- it drains your mental, emotional and physical energy

- it blocks your ability to trust your hard-earned coping skills

- it fills you with self-doubt

- it wreaks havoc on your physical, mental and emotional wellbeing..

“Worry does not empty tomorrow of its sorrow, it empties today of its strength.”

― Corrie Ten Boom

Ask yourself these questions:

Q: What is the part of you that replays or attaches to worry or cyclic thinking?

Q: Is this a part of you that is familiar to you?

Q: When do you recall first meeting this part of you?

Q: What job does this part believe it is doing for you?

These questions can help you begin to understand the 'why' of monkey mind's presence in your world. Once you have this awareness, the rest of the journey to change lies in interrupting its antics and replacing them with helpful, mindful alternatives that serve your inner calm, acceptance and resilience.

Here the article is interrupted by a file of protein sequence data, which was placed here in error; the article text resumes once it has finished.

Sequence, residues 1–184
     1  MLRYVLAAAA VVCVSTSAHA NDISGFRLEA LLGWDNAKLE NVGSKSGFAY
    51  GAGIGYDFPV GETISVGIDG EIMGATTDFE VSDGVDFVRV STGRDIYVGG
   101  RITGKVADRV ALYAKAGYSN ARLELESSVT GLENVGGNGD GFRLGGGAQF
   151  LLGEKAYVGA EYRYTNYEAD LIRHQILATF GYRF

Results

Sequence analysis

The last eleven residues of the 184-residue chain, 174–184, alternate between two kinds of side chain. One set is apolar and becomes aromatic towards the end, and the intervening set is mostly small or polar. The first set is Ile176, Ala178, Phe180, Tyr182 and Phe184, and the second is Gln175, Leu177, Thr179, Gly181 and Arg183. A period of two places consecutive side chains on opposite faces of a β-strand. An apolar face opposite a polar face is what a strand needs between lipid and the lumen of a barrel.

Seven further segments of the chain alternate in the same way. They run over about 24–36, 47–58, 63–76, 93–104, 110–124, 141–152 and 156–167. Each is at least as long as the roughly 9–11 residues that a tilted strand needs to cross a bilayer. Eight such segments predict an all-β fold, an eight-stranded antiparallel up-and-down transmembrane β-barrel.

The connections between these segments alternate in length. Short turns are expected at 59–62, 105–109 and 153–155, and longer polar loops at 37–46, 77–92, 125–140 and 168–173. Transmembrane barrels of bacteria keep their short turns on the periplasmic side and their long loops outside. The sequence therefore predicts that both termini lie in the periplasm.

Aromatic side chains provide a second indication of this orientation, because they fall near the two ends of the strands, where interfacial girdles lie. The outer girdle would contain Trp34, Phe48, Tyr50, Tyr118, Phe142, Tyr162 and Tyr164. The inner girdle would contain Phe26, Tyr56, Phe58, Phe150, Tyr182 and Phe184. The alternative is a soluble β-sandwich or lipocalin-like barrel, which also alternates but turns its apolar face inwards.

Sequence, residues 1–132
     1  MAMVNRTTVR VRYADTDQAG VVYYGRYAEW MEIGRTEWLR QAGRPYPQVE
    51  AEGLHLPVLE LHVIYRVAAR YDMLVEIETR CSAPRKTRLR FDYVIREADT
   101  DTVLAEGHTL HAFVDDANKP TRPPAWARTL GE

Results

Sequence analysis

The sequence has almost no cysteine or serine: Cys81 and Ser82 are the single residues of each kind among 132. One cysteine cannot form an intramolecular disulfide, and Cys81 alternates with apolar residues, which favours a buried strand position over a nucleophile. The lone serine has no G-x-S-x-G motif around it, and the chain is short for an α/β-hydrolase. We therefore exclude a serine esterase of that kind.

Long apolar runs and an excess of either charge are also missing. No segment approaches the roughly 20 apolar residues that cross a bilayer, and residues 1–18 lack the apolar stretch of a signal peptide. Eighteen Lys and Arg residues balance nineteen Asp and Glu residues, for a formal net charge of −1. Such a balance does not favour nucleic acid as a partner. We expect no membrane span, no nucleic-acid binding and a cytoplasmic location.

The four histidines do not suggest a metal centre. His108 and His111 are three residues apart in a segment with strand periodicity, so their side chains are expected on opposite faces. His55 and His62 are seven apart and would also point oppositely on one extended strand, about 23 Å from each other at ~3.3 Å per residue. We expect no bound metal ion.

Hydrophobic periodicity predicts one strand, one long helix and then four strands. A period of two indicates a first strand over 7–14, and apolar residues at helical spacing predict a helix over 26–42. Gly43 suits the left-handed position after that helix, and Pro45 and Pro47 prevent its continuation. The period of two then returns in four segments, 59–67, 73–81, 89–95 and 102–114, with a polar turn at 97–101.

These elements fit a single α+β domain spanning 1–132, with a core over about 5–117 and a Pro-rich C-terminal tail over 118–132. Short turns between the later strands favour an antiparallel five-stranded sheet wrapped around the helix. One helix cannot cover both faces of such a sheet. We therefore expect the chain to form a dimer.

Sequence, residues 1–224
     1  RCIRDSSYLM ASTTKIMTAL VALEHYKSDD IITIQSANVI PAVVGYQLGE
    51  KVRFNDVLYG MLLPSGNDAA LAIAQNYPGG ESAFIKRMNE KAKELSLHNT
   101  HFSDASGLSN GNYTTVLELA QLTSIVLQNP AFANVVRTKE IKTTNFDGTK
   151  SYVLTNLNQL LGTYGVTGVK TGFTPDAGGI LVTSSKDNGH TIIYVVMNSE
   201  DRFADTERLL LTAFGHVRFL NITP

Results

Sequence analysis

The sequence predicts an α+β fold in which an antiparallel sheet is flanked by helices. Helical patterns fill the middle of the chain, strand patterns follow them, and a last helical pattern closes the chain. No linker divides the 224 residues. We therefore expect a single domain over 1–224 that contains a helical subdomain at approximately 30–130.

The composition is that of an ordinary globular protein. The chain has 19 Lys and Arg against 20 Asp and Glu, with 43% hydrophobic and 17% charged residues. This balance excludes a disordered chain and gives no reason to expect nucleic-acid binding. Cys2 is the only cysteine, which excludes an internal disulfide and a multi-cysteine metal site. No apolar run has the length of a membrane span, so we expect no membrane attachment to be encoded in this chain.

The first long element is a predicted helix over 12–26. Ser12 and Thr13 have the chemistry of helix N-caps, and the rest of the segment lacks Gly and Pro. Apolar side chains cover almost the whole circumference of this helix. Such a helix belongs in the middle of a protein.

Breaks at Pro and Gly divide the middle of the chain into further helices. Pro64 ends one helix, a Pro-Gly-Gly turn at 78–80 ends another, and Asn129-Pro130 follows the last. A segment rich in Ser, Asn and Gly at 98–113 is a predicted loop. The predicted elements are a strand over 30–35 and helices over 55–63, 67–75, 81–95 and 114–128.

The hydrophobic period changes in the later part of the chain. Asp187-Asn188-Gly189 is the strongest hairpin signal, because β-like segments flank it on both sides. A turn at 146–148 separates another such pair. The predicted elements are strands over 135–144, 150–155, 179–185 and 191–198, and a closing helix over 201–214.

So what next?

Try these powerful, tried and tested tools, to get back into your mind and body and reclaim your mind from the mischievous monkey.

  1. The power of the breath cannot be underestimated. Anyone who works with me knows how powerful yet simple this truly is. Breathing with mindful intention - even just for a few moments - can literally bring you out of your mind and back into your body, instantly. You calm your sympathetic nervous system and regain access to logical, calm thinking. If you learn nothing else, please harness the power of your breath and interrupt monkey mind's harmful activities.